Respectfully,
Jeff

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Old 11-23-2004
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Hi Jeff,

It is great to chat with you again. I take your point that boats that were designed to be heavier and more sea kindly departed from the IOR rule. Perhaps they are better termed IOR era boats?

The issue of reserve bouyancy is one of great interest. I am not an NA nor expert in any way but as I view watercraft, both power and sail and watch how they move through the water (in real life and in pics), I see more plumb bow boats going bow down than I do boats with overhangs. When I look at the design of major ships like deep ocean work boats and ships such as Aegis class cruisers, the design trend is the "plow sheild" bow....which is essentially an overhang. I may be quite mistaken but I think this type of bow, either on a sailboat or powerboat or ship serves two functions: that of creating a drier ride through the waves and reserve bouayancy. I understand your point about a plumb bow boat using its reserve bouyancy sooner...and as I look at some of the new Bene''s and Dehler''s I might see how a higher bow might do that. But...intuitively...if you have a broad bow with its overhang, you have a hull area of light displacement. Thus under Bernoulli’s principle it is bouyant and it is bouyancy not being used by the boat at its static waterline...thus it is reserve bouyancy. No? Remember, I am no expert so this is what I come up with thinking in the simplest terms.

All the best

John
s/v Invictus
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  #16  
Old 11-23-2004
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more on old IOR boats

John, Jeff and the Group:

I''m coming to the party a bit late on this thread, but find it a pretty interesting discussion after John''s initial observations.

First, I''d agree with Jeff that many boats out cruising and that were built during the ''IOR era'' are not direct descendents of the IOR rule; or at least, that''s not what I''ve been seeing. I''d also agree that there has been some ''bleed over'' between IOR design trends and more generic cruising boat designs, one good example being the large foretriangles that exist on many 80''s and 90''s cruising boats. Personally, I think that''s helpful because most often a cruising boat (or at least, one used for long distance cruising) will end up - sooner or later - with an inner stay, and the utility of that stay is aided by the larger foretriangle. (I''m sure I''m destroying lots of nuance and design sublety with that statement but, in general, I think it''s a valid one).

Second, I think you''re basically on target with your comments about bow designs and reserve buoyance, John. I''m troubled by Jeff''s comment that, in general, a plumb bow is going to produce more reserve buoyancy than one with an overhang because a) the plumb bow is most likely present in the design to extend the static waterline length and improve hull speed, not because of its reserve buoyancy benefits, and b) because reserve buoyancy is going to depend on the lines of the boat''s forward sections, not just on a single line we see in profile of the hull shape but on the three-dimensional form of the bow section. Intuitively (tho'' perhaps also in ignorance on my part), logic suggests that with identical hull forms and with one hull offering more overhang than the other, greater reserve buoyancy will exist in the lines with greater overhang. To the extent that designers include a fuller bow section with a more plumb bow (as seen in profile) in order to provide equal or greater reserve buoyancy, there''s going to be more weight and also cost introduced by those fuller lines, so it''s not a free lunch. I mention this because there''s almost the implication in Jeff''s comments that the greater reserve buoyancy of a plumb bow comes from the plumb bow itself (as seen in profile), which I don''t believe to be close to true.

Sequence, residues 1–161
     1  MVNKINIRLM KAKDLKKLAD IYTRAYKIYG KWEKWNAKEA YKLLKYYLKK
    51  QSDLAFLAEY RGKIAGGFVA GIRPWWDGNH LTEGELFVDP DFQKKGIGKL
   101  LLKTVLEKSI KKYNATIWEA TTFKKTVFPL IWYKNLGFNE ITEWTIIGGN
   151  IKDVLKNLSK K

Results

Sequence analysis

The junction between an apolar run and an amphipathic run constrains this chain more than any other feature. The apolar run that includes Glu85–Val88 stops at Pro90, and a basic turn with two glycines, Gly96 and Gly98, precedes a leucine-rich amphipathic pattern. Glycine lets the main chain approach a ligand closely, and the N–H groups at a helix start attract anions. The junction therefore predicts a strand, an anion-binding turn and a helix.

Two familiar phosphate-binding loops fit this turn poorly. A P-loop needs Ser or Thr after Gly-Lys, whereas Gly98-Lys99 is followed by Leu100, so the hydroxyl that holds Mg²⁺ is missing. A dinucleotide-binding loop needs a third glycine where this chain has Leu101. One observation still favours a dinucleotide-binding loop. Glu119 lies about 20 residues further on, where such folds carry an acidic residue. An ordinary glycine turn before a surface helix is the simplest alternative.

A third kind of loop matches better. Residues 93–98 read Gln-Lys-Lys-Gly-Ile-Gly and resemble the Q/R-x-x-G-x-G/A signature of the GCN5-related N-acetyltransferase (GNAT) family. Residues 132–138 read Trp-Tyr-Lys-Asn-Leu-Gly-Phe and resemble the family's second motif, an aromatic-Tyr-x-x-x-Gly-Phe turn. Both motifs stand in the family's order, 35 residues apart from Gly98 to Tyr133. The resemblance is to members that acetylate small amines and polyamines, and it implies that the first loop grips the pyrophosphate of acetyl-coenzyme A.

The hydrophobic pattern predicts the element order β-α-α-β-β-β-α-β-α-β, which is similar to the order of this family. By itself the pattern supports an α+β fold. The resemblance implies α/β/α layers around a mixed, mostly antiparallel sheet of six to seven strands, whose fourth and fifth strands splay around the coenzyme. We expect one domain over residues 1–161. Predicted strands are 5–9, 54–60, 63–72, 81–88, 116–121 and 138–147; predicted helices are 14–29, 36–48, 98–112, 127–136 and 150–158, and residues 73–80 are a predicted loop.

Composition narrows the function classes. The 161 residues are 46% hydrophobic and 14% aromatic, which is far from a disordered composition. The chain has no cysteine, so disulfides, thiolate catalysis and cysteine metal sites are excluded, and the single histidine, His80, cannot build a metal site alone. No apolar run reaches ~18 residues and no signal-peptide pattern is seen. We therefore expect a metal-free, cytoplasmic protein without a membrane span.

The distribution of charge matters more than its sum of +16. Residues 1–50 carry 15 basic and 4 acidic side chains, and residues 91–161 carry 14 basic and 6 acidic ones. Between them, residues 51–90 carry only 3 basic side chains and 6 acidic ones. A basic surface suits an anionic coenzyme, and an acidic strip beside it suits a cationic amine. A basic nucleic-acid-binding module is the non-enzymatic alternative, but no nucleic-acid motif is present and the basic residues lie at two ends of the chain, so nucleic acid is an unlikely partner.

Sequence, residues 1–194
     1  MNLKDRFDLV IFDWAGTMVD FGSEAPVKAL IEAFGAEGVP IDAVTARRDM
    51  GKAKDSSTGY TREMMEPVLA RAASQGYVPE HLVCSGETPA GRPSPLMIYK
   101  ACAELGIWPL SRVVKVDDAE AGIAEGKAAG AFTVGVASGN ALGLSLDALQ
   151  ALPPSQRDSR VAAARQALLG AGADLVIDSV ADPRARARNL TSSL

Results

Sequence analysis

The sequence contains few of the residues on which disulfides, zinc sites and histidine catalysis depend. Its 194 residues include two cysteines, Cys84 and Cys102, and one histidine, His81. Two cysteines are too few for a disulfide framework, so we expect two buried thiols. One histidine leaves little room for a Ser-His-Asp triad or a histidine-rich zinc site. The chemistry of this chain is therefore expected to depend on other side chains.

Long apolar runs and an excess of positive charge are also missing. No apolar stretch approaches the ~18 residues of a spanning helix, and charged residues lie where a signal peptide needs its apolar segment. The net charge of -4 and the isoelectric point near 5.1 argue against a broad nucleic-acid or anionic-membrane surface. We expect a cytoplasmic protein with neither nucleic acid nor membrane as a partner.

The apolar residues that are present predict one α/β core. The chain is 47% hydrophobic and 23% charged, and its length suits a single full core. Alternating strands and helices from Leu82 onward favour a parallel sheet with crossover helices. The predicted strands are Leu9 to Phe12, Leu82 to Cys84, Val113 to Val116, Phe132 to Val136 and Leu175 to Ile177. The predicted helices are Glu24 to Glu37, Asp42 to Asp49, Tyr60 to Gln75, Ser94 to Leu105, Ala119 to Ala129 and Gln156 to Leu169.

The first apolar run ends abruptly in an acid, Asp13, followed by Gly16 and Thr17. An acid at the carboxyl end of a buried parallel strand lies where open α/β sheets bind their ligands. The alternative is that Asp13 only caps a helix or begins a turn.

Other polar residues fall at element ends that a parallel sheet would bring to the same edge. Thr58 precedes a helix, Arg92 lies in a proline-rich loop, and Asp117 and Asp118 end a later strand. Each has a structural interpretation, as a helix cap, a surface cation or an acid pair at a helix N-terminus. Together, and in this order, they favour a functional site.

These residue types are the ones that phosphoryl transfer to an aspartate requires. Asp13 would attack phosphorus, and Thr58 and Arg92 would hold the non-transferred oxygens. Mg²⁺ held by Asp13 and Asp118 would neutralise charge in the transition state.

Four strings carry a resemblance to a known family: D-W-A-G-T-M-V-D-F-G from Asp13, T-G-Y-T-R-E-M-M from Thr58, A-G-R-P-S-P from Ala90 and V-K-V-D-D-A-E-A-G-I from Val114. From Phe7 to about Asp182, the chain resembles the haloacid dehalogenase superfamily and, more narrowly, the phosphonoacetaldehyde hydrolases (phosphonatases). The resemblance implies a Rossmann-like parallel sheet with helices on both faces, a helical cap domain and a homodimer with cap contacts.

So Jeff...and few more words to knit together John''s and my views with your own, if you please. And BTW, Happy Thanksgiving to you both if I don''t have a chance to see this thread until late in the week.

Jack
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  #17  
Old 11-23-2004
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What I think is confusing to me is that we are not specifying "a fuller bow GIVEN (1) A FIXED DECK LENGTH OR (2) A FIXED WATERLINE LENGTH." If we are talking about a fixed waterline length, then a overhanging bow will have more reserve bouyancy than a plumb bow. If we mean per a fixed deck length, then a plumb bow will have more reserve bouyancy and a submerged "ramming prow" (reverse overhang, like on a Roman trireme) will have the MOST reserve bouyancy.
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Old 11-23-2004
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Neither am I trained in the esoteric art of maritime design, but I have my own intuitive notion about this subject. The phrase “reserve buoyancy” must be understood in a broader sense than it is normally thought of. It is not simply load carrying capacity.

Think of the differences in the entire hull form, not the bow alone. From above, the waterline shape of earlier IOR influenced boats appears much like a diamond, especially in comparison to more recent plumb bow hull types which tend more toward a triangle shape. IOR boats with larger bow overhangs typically have broader beams which occur further forward then taper more to the stern, relative to plumb bow boats which typically have somewhat narrower beams farther aft forming a fuller stern section.

Simply imagine a block of wood cut to these waterline shapes. With the IOR diamond shape, the center of flotation is near mid-ship and the boat tends to rock (pitch) from this central axis. Lifting the bow tends to depress the stern and visa versa. With the triangle archetype, the bow waterline is sharper and narrower and center of flotation is moved aft. Lifting the bow depresses the stern much less and pitching motion is dampened.